City and county managers’ salary changes, fringe benefits must be announced before they’re approved – In the continuing fallout from the city of Bell’s financial scandal, Gov. Jerry Brown on Monday signed a bill requiring city councils and county boards of supervisors to publicly announce pay and benefit increases for government executives before they are approved by a vote. LA Times article

Bill barring employers from asking about juvenile crimes moves out of state Senate – A California bill that would bar employers from asking job candidates to disclose juvenile crimes has cleared the Senate floor and is headed back to the Assembly for a final vote. LA Times article

Legislature moves toward landmark reforms at Public Utilities Commission — Nearly a year after Gov. Jerry Brown bucked lawmakers and vetoed a series of measures aimed at reining in the troubled California Public Utilities Commission, the governor faces a new package of CPUC reform bills. This time, though, he’s already on board. KQED reportLA Times article

Judge blocks Obama rule on transgender bathroom access — A federal judge has blocked the Obama administration from enforcing new guidelines that were intended to expand restroom access for transgender students across the country. New York Times article

Presidential Politics

A colossal bundle of cash draws Clinton to California — Clinton is substantially easing her campaign schedule in the coming days to rub elbows with the stars and other deep-pocketed donors during fundraisers at the country’s most exclusive vacation retreats and communities.  Some of the biggest money will be raised over the next couple of days in California, where Clinton is arriving fresh off an East Coast swing through Cape Cod, Nantucket and Martha’s Vineyard.  LA Times article

Donald Trump, shifting immigration tone, stresses a ‘fair’ approach – Donald J. Trump, tempering the tone of his hard-line approach to immigration for a general election audience, avoided repeating his previous call for mass deportations on Monday and instead said he wants to come up with a “really fair” plan to address the millions of undocumented immigrants now in the country. New York Times articleLA Times article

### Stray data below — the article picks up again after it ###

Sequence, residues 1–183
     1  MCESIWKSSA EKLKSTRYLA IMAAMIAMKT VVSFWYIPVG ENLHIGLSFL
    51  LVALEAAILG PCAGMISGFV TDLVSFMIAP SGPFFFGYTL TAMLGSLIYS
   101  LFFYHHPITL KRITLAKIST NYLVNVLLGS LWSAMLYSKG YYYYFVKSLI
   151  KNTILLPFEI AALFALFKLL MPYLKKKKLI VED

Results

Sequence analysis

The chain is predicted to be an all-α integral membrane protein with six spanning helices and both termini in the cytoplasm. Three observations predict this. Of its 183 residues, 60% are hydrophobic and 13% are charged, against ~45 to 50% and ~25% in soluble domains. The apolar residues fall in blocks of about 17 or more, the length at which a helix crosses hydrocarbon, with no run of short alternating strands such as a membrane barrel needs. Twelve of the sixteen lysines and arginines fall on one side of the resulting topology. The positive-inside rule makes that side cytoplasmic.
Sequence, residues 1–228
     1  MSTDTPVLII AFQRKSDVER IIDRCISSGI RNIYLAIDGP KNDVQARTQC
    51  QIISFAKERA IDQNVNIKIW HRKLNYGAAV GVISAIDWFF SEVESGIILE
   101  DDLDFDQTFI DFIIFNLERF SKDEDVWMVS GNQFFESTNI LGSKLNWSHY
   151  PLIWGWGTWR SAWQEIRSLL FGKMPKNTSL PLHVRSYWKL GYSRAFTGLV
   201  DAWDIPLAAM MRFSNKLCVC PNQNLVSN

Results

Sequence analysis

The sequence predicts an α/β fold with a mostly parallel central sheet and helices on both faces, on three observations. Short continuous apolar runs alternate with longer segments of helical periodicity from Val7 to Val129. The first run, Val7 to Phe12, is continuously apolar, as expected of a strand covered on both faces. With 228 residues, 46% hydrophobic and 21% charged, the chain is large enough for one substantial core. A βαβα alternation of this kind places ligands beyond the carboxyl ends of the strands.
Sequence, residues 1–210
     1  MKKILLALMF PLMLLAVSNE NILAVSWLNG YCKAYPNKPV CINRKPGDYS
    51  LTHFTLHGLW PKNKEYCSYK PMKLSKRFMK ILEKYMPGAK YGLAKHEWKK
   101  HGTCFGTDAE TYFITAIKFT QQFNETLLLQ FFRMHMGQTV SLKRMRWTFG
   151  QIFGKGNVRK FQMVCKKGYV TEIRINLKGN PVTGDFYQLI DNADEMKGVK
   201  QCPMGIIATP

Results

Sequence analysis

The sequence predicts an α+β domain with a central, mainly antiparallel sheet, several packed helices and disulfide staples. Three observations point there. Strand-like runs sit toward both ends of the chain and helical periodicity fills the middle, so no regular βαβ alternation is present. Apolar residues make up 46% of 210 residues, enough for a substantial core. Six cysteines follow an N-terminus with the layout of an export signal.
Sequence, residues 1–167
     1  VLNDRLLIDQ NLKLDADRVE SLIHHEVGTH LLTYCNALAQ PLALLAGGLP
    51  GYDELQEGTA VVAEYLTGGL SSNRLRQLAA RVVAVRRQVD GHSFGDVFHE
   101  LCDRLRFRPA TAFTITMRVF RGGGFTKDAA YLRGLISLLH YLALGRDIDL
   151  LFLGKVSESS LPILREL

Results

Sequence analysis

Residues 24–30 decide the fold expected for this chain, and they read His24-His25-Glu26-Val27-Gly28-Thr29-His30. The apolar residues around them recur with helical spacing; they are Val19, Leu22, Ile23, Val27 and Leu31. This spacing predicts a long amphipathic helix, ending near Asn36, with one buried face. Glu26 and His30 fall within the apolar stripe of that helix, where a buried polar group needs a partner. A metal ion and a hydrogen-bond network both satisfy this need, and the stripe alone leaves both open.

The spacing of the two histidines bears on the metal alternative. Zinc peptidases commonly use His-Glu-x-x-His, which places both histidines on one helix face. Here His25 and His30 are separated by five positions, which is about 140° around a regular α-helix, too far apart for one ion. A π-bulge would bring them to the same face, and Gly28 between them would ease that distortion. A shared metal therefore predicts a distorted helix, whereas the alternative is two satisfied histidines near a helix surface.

A rise in populism fuels Trump’s campaign, says columnist — Columnist, historian and former Fresno State professor Victor Davis Hanson was back in town Monday to speak before a packed house at the Fresno Rotary Club’s lunch meeting. The far-reaching talk tackled international topics like the rise of the Islamic State terrorist group and Brexit shock, but focused primarily on the current American political climate. Fresno Bee article

Joe Altschule: Big scandal coming over Trump’s foreign debt — This campaign is about to see Trump fall into a scandal over his finances and his taxes. Very credible news is just coming out that Trump is heavily in debt to the Saudi royal family in the amount of hundreds of millions of dollars, with reason to believe that his tax returns would reveal two more important bombshells insuring that Trump will never release his tax returns. Altschule column in Visalia Times-Delta

Tom Fife: WikiLeaks may yet sink Clinton’s campaign — Sometime during the next 80 days or so, Hillary Clinton supporters may be forced to question every aspect of their candidate and her fitness to serve as president, that is at least, if Wikileaker Julian Assange is true to his word. Fife column in Visalia Times-Delta

California Government Today:

Senate Daily File

Assembly Daily File

News Stories

Top Stories